The Wreck of the Adelfotis II
Captain Nicholas Leondaras together with 22 members of his crew, and mascot puppy Manuella were rescued by Breeches Buoy.
The morning of Sunday 20th. of January 1963 was cold with an easterly gale blowing.
The Adelfotis II was having steering trouble when the master decided to seek refuge in the River Tyne. The first warning came at 04 05 am when a coast watcher telephoned the Hon Secretary who immediately called the Brigade. The maroons where fired at 04.14 am. The Brigade fired a rocket to the Aldelfotis II but the line was fouled on board ship. After dawn Sunderland Brigade fired a rocket and secured a line on board. The crew did not leave the ship immediately and offered no contact by radio.
The Adelfotis II was being pounded by heavy seas and was moving towards the Groyne all the time. After some time it was noticed that the ship was blowing off steam, then at 8 - 45 am the first man was brought ashore very exhausted. As each man was brought ashore he was taken by ambulance to the Ingham Infirmary. After the ship was abandoned at 11.20 am, she was lying with a list to starboard her bows up against the rocks of the Groyne still with wind blowing very forcefully.
Source: S.S.V.L.B. Minute Book
From Standby to Action
After many years of standing by and emergency alerts, without any vital call being made on their services wherein they could use their life saving skill, the Brigade were called out in the early hours of 20th January, 1963.
The Lebanese vessel "Adelfotis II" had sought shelter in the Tyne after being disabled, but the storms were such that she was driven aground near the south_ shore with waves pounding over her decks. The Brigade Secretary received a call at 04.05 hours and at 04.30 hours a team had assembled and the trailer was on the move. Shortly afterwards the Brigade was joined by Sunder-land Volunteer Life Brigade and lines were thrown from each Brigade, one across the bow and the other across the stern.
At approximately 08.45 hours the Captain decided to abandon ship and the two Brigades under the directions of Commander C. A. de W. Kitcat, Inspector of North East Division H.M. Coastguards, and Mr. P. Thomas M.B.E., District Officer of Tynemouth,rescued 23 seamen and a dog by breeches buoy. The rescued personnel and their shipowners have recorded their grateful thanks, and the Brigade, on their part, would like to record its thanks to the many voluntary societies and passers-by who assisted in every way possible, and whilst it would be invidious to single out individuals or Services, we feel that a special tribute should be paid to the South Shields Police who did so much to assist us in the call out and during the operation. The Town's Motto "Always Ready" was well and truly justified.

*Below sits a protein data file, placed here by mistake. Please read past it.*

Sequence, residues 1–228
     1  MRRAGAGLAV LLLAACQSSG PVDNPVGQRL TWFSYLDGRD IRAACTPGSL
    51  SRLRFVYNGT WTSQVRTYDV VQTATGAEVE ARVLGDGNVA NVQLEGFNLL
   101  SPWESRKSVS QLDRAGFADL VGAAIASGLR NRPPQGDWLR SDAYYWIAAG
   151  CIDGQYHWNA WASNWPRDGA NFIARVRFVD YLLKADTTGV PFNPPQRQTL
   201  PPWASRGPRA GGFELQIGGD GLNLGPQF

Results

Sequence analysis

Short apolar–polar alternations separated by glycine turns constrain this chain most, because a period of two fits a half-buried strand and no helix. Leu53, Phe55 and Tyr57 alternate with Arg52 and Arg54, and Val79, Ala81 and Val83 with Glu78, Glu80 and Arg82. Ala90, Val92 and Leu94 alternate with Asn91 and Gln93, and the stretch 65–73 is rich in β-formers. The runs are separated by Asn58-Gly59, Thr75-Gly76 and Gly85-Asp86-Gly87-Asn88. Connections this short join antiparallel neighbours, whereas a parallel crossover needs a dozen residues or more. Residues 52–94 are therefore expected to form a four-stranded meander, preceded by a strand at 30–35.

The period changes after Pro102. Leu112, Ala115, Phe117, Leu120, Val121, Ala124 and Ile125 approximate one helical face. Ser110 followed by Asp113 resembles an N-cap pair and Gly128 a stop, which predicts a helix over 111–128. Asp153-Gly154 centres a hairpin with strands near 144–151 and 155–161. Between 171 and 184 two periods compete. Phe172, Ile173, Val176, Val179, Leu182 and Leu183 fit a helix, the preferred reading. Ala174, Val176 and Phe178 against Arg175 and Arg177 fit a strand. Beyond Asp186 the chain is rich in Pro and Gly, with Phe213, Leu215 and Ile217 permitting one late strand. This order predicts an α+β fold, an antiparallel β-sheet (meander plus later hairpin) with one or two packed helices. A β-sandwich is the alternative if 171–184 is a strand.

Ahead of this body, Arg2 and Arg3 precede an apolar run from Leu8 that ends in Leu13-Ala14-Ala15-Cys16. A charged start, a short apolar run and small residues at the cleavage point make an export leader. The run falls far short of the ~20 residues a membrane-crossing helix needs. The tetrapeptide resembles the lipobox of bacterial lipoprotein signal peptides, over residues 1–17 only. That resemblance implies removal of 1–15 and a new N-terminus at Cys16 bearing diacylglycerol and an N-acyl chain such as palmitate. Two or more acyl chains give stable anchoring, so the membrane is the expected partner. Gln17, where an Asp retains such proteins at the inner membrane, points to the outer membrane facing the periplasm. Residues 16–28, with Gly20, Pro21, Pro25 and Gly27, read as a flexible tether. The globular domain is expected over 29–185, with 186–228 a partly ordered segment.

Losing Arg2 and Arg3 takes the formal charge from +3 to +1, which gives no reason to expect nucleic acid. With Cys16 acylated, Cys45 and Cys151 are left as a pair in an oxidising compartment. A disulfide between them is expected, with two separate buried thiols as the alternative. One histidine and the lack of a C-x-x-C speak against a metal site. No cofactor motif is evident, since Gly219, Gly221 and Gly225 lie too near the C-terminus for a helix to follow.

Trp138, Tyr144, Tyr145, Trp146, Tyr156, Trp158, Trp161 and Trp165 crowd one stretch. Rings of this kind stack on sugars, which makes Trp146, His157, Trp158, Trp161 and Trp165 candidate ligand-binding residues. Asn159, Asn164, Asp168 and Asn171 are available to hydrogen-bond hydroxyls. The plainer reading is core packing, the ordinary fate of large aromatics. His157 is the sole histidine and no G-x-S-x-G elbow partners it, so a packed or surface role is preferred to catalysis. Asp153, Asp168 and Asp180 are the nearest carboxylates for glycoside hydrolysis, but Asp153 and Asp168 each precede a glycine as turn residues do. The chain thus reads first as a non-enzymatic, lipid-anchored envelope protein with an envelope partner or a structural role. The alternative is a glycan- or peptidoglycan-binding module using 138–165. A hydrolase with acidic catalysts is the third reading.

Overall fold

(Photo courtesy of Mr Hilton Davis)
It is to everybody's satisfaction to be able to record that no lives were lost and this feeling perhaps rests more particularly with those members of the Brigade whose faith has spurred them in continuous training to maintain the Brigade as an operational unit ever many years of inactivity.
We are happy to report that such was the publicity given to us on this occasion, backed by His Worship the Mayor,that twelve new members enrolled during the following weeks.
The 4th So.Shields Senior Scout Troop who were voluntarily associated with the Brigade, have now been elected full members and have also been admitted as members of the Coast Life Saving Corps. We offer them our congratulations and welcome them to our cause.
The publicity which the rescue was given on television, on the radio, and in the Press, was followed by a visit from the team of the radio programme "Down Your Way" when Captain D. Tinning, together with the Honorary Secretary and members of the Brigade, took part in the programme.
Training throughout the year has, of course, continued as usual and in recording that the Brigade was placed fourth in the "Chronicle Cup" and third in the "Wearside Shield Competition", we congratulate those who were placed before us and assure them that the challenge will continue in the coming year, which we feel sure acts as a spur to greater practical efficiency in the life saving service.
The highlight of the training was a demonstration given in conjunction with Sunderland Volunteer Life Brigade, when the rescue of 20th January was re-enacted, and permission was obtained to use the "Adelfotis II" for the exercise, which was televised. The occasion attracted many hundreds of spectators, the very large majority of whom, no doubt, had never seen the Brigade in action. We are indebted to St. John's Presbyterian Church, who kindly loaned the Brigade crockery etc. to assist with refreshments on this occasion, and also on that of the Wear-side Shield Competition.
Source: S.S.V.L.B. Annual Report 30 June 1963